I have to say, when the phone rang last month from Perdue University, I was a bit surprised at first.
"You've been chosen to be honored as a Science Journalism Laureate for 2011" said Dr. Moria Gunn.
Really? I'm not sure I've ever thought of myself as a science journalist.
But, then I began to think about just what I do cover. I've been writing and reporting on the intersection of technology and sociology for the past five years. My blogposts have explored the emerging connection between content and human curation, the changing face of video distribution, the emergence and changes around user-generated content, and the shifting models for payment of content creators.
Oh, and then there was the book. Curation Nation was what pulled together the art and science of content into a hard-back exploration of how the world of the web was shifting from a technology focused distribution system to a human-edited ecosystem.
Which made me think about science, what is it - and what matters. There's no doubt that the internet's creation and evolution is based on technology. The science of the web, the shift from hard-wired to ubiquitous wireless connectivity, and the stunning growth of the App economy, are all both a social and a technological phenomenon.
Thinking about my journalism broadly, there's no doubt that what interests me is the emergence of technology as a broad-based and open platform for the distribution of ideas and content platforms.
And certainly we're arriving at a time where the idea of science is shifting from the exploration of things and physical objects - to the science of data, and digital objects. So after some amount of navel gazing, I do think that the exploration of digital phenomenon and the translation of them to stories that can be considered by the day to day users of data is, in fact, 'science journalism.'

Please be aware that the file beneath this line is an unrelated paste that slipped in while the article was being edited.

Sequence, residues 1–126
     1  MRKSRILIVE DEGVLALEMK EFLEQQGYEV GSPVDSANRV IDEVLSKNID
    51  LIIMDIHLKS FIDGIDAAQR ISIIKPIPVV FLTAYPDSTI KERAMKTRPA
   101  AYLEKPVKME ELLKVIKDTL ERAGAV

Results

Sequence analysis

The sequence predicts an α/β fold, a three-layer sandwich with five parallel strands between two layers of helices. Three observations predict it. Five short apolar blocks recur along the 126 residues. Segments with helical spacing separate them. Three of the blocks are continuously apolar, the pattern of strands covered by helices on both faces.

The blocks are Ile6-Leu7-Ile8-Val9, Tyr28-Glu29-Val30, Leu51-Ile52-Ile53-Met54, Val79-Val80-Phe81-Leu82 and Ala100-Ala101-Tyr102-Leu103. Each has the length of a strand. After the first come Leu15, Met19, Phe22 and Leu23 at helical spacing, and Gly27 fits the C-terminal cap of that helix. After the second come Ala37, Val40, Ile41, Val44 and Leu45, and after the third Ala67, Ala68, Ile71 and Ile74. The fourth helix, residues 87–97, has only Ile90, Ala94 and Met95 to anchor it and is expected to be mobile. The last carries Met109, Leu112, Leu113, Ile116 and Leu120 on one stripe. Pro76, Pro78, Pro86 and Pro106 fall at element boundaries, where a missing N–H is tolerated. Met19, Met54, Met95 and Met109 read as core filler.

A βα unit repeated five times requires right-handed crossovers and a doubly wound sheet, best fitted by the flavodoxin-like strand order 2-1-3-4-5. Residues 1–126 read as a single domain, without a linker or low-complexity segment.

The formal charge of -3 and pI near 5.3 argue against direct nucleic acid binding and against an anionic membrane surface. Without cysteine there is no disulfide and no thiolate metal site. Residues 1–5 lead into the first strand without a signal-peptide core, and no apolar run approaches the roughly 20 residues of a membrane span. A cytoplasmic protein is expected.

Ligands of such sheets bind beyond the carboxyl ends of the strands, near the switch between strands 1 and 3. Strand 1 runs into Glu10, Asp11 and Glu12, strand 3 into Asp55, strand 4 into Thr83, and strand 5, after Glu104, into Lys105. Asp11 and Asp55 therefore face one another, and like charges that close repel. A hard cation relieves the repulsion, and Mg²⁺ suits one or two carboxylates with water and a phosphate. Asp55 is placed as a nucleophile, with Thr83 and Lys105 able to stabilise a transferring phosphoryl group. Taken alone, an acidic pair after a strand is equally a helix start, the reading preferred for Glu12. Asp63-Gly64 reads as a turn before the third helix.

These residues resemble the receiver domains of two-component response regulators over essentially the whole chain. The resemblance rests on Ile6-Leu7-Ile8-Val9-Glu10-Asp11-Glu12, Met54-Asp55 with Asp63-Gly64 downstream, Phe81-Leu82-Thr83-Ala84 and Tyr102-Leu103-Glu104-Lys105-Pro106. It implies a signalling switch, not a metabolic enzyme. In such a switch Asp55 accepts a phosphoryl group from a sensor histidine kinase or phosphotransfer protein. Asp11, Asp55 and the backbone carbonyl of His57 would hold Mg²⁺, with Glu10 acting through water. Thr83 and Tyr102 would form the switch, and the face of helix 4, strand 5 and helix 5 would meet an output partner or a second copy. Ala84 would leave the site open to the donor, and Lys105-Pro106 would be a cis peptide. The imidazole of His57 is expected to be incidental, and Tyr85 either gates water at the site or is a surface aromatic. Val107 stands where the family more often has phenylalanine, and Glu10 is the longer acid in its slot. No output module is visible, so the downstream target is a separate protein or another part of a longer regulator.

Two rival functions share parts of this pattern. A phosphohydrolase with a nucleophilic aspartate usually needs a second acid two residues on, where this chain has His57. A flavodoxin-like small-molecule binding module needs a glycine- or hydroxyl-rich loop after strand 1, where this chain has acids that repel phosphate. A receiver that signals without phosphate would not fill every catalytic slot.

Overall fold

In fact, the more I think about it - turning the conceptual issues of digital into tangible examples, the more urgent it becomes. One example is privacy. Eric Schmidt of Google is famous for saying that web privacy isn't an issue because you shouldn't be doing anything that you don't want to be found doing on the web. But this example of privacy reflects a data-collector's world view. And, when I share with average web users that their health insurance company could theoretically use data about you searching for say 'cancer' or 'alcoholism' as risk factors in evaluating your renewal, then the theory of 'privacy' becomes far more personal.
When science touches us, it moves out of the labs and into our lives. As the digital world becomes more a part of our day to day and moment to moment existence, the divide between digits and humans continues to narrow.
Which is to say - I'm proud to be a science journalist, if that means helping people understand the future of their digital lives.
Read Marketwatch Story here.
Steve Rosenbaum is founder and CEO of Magnify.net, and the Author of the recently released McGrawHill Business book "Curation Nation" (March / 2011). Steve can be contacted at email@example.com Follow Steve Rosenbaum on Twitter: www.twitter.com/magnify
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